Gail Sharp of Andersonville, Tenn., was caught off guard when she got an envelope in the mail addressed to Cameron Sharp.
“I could tell by the envelope that it was Cameron’s handwriting,” she said.
Cameron is Gail Sharp’s youngest son of two. The 17-year-old high school senior died in January 2013 after the Norris Police Department said the car the teen was riding in hit a Ford F-250 truck at the interchange of Highway 61 and Highway 441.
When the teen’s mother opened the envelope, she found a 30-word letter her late son had written while he was a student at Norris Middle School. It read: “Dear Cameron. On this day my brother will graduate from middle school. On the same day I watched the movie Night at the Museum. My favorite teacher is Mr. Cawood”.
The Sharp Family received the special delivery just ahead of a difficult time.
“I wasn’t looking forward to Mother’s Day and then we got that letter and it did make it special,” Sharp said.
It turns out Cameron wrote the short letter in class on May 22, 2007. It was an assignment given to the class by Norris Middle School teacher Dale Caldwell.
Caldwell explained, “The assignment was for them to write themselves a letter to remind themselves of things that they enjoy most in life, to remind themselves of things that maybe didn’t go their way and how they felt about it. If they made any promises or set any goals, to put that in there. To talk about things that they dreamed about and hoped about, who was their best friend, what was their favorite movie, things that were most important to them in life, where they wanted to be when they graduated high school, and what their dreams and expectations are for after high school.”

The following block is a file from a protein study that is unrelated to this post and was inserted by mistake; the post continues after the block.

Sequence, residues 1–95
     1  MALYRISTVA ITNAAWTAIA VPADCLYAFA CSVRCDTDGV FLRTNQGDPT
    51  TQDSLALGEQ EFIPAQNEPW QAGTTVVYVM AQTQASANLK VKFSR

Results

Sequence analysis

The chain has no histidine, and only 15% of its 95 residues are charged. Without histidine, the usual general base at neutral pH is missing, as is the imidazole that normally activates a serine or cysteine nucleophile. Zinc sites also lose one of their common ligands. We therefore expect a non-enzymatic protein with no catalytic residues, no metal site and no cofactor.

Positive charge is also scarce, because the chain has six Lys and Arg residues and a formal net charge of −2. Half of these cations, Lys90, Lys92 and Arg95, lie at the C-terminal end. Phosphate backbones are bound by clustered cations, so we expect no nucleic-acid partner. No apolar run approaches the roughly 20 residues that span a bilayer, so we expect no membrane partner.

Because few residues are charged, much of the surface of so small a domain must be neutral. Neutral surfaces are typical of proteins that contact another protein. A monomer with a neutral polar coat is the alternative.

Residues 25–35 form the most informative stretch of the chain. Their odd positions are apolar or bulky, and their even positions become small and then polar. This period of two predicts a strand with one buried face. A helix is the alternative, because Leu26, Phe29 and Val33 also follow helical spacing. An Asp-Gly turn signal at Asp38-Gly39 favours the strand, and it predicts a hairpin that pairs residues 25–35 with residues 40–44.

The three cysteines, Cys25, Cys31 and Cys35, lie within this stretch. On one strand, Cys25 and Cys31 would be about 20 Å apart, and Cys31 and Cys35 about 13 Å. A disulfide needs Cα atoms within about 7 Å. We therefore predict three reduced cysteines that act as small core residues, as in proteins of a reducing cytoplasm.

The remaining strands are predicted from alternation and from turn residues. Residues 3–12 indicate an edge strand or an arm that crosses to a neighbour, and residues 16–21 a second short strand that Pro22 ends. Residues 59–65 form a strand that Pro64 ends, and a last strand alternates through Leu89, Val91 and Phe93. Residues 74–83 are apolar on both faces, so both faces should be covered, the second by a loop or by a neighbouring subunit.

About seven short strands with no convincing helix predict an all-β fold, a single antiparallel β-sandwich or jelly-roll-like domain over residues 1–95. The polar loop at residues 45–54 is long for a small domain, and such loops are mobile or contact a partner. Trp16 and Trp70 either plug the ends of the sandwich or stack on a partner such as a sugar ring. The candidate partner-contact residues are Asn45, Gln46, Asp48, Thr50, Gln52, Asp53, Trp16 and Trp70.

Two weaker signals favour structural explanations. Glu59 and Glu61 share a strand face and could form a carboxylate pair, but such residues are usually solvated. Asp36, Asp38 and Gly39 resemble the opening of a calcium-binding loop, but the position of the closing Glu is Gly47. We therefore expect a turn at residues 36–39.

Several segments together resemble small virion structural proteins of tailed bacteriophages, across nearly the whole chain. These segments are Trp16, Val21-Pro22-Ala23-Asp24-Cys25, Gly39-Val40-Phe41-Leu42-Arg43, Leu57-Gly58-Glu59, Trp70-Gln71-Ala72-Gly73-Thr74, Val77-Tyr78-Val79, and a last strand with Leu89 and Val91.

Caldwell said he then mails the letters to the students the month of their high school graduation.
“When I ran across [Cameron’s] for just a moment I paused and asked myself, ‘Do I mail this?’. But I knew that probably it would be really special to his mother,” Caldwell said.
“I’m so glad he did. I really am glad that he did,” Sharp said.
Cameron’s mom said the teenager would have graduated from high school May 2013, but she’s glad the special note arrived when it did. She said the letter means everything to her because it’s in the handwriting of her late son.
“I always thought his penmanship was atrocious. I always told him that he needs to practice on his penmanship, but looking at it now it’s a treasure to us,” Sharp said.
Cameron’s mother said she plans to put the letter in a memorial book dedicated to the memory of her son.